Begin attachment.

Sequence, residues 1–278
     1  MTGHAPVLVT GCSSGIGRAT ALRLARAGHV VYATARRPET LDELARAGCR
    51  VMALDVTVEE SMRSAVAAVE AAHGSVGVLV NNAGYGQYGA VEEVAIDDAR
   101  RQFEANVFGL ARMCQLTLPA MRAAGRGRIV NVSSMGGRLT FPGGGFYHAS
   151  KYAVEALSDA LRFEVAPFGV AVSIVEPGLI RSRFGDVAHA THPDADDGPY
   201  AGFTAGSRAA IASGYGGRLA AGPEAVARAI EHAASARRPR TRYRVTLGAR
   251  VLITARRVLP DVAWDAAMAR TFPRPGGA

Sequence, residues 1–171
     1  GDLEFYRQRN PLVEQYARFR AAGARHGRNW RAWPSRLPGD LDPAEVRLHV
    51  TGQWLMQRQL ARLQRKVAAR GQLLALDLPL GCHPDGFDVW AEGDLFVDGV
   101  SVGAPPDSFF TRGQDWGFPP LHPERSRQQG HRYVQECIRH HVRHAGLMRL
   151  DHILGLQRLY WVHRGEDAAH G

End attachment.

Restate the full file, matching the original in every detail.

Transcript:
Sequence, residues 1–278
     1  MTGHAPVLVT GCSSGIGRAT ALRLARAGHV VYATARRPET LDELARAGCR
    51  VMALDVTVEE SMRSAVAAVE AAHGSVGVLV NNAGYGQYGA VEEVAIDDAR
   101  RQFEANVFGL ARMCQLTLPA MRAAGRGRIV NVSSMGGRLT FPGGGFYHAS
   151  KYAVEALSDA LRFEVAPFGV AVSIVEPGLI RSRFGDVAHA THPDADDGPY
   201  AGFTAGSRAA IASGYGGRLA AGPEAVARAI EHAASARRPR TRYRVTLGAR
   251  VLITARRVLP DVAWDAAMAR TFPRPGGA

Sequence, residues 1–171
     1  GDLEFYRQRN PLVEQYARFR AAGARHGRNW RAWPSRLPGD LDPAEVRLHV
    51  TGQWLMQRQL ARLQRKVAAR GQLLALDLPL GCHPDGFDVW AEGDLFVDGV
   101  SVGAPPDSFF TRGQDWGFPP LHPERSRQQG HRYVQECIRH HVRHAGLMRL
   151  DHILGLQRLY WVHRGEDAAH G